March 16, 2013
Generally Accepted Accounting Principles (GAAP) in Health Organizations The increasing pressure of the cost in providing health care services to the public and the inflation in the health sector that has resulted in inflated costs of providing medical and clinical health care has prompted health providers and nurse managers to rethink accounting practices and their profitability index. In addition, health sector has witnessed an increase in the level of competition. Managers of these health institutions have, therefore, advanced their managerial skills by implementing the Generally Accepted Accounting Principles (GAAP) in their operations to remain competitive and to break-even. The GAAP are uniform accounting policies and guidelines that health institutions implement to help them to determine their financial position and performance with a given accounting period (Flood, 2012). Therefore, GAAP are critical guidelines that reflect the financial position and stability of the health providers. Besides, GAAP are essential in setting a financial foundation for the health institutions with respect to their financial performance. The following accounting policies and principles play a vital role in the laying of a financial foundation for the health organizations: entity concept, matching principle, cost principle, going-concern, full disclosure, materiality, consistency, and objective evidence (Kimmel, Weygandt & Kieso, 2011). This paper aims at providing a brief description of these GAAP principles and their relevance in the health sector. The Relevant Concepts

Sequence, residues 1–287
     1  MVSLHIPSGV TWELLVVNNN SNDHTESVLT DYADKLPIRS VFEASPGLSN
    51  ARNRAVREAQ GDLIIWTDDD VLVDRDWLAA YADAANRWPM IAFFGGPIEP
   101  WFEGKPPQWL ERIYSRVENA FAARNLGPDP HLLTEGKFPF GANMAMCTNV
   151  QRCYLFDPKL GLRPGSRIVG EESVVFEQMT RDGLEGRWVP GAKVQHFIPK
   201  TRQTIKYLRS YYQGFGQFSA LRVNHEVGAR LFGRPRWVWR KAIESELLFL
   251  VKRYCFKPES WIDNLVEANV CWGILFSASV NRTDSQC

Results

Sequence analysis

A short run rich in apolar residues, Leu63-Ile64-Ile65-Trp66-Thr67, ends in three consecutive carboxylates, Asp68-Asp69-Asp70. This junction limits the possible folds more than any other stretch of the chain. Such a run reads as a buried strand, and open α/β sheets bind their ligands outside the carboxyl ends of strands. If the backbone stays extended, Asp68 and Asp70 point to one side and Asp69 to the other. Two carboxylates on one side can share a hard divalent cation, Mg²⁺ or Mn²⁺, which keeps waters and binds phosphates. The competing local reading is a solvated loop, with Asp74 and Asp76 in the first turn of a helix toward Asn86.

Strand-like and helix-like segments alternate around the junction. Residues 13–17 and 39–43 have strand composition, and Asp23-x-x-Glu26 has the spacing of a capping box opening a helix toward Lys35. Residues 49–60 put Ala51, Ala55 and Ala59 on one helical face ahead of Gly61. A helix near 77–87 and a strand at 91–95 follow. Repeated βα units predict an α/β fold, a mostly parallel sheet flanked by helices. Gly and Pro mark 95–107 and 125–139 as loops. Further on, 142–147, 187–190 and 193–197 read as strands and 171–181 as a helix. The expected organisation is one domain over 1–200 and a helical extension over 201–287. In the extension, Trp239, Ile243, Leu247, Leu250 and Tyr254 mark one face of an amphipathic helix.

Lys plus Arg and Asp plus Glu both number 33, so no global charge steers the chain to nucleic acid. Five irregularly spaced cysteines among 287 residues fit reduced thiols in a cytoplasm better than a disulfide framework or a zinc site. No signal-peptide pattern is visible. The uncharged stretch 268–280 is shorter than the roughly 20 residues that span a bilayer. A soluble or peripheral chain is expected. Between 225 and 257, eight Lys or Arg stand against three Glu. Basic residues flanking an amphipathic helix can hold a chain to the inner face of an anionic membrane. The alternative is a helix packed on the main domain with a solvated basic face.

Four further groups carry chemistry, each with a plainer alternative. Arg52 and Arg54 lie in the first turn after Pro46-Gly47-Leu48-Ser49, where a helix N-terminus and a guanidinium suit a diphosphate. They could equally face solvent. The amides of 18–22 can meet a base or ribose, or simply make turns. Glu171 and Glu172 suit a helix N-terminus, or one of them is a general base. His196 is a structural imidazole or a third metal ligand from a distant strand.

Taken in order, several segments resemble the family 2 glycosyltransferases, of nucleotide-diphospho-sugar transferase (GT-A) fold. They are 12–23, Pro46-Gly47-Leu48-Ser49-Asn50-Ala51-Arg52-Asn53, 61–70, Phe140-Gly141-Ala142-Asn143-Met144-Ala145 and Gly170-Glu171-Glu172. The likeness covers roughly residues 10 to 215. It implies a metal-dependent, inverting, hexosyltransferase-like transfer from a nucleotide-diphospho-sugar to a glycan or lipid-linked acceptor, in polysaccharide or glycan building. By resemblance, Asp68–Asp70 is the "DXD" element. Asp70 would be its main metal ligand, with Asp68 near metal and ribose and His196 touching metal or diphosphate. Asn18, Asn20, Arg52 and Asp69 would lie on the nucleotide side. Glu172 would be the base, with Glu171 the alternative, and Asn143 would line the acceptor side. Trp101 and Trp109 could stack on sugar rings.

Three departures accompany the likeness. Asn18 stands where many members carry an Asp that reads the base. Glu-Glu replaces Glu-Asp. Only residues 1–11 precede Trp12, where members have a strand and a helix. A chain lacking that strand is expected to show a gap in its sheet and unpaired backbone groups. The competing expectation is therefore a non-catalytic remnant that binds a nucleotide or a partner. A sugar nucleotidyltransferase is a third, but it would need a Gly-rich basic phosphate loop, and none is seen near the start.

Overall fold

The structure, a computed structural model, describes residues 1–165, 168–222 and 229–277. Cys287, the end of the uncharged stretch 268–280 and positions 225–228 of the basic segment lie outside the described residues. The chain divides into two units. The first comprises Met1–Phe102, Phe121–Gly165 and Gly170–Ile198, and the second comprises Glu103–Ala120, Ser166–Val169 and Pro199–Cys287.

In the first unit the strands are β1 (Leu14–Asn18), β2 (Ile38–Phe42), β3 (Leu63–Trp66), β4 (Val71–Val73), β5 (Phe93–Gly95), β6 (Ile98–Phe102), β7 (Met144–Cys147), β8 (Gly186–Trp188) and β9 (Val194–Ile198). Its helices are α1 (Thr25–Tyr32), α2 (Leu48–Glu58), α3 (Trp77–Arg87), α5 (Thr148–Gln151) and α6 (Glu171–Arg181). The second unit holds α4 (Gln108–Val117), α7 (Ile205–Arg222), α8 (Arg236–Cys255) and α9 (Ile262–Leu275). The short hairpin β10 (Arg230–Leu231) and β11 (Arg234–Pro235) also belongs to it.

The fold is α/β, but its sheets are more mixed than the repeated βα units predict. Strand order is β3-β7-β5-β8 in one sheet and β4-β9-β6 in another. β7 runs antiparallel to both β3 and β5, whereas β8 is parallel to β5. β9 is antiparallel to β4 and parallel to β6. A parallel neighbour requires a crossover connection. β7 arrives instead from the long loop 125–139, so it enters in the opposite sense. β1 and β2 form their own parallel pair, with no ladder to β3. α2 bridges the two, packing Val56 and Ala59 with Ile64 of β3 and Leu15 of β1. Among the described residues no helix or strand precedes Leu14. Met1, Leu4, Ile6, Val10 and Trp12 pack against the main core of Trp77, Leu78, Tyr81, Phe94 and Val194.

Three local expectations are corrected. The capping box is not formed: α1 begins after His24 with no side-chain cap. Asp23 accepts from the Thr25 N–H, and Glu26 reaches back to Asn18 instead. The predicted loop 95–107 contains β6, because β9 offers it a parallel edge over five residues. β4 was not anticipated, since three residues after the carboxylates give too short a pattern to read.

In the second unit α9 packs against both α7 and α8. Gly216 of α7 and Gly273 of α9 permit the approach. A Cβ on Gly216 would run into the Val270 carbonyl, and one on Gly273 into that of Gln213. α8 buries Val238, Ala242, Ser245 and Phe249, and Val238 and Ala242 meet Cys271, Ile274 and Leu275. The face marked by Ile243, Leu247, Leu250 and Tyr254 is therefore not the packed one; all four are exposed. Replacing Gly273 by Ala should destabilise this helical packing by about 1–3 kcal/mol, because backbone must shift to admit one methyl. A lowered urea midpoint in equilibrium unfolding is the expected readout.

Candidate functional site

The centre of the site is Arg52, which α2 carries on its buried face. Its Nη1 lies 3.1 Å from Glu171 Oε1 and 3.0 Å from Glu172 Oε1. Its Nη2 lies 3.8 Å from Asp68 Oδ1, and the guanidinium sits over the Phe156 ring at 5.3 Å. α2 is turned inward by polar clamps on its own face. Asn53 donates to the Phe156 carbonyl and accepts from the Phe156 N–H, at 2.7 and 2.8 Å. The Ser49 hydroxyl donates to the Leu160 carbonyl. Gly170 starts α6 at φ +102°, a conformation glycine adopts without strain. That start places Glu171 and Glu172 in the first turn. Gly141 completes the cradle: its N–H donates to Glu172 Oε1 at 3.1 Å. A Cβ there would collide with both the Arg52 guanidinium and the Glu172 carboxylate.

Entity Concept This accounting principle asserts that health care institutions should operate sound and realistic financial policies in order for the organization to remain operating over an infinite period.
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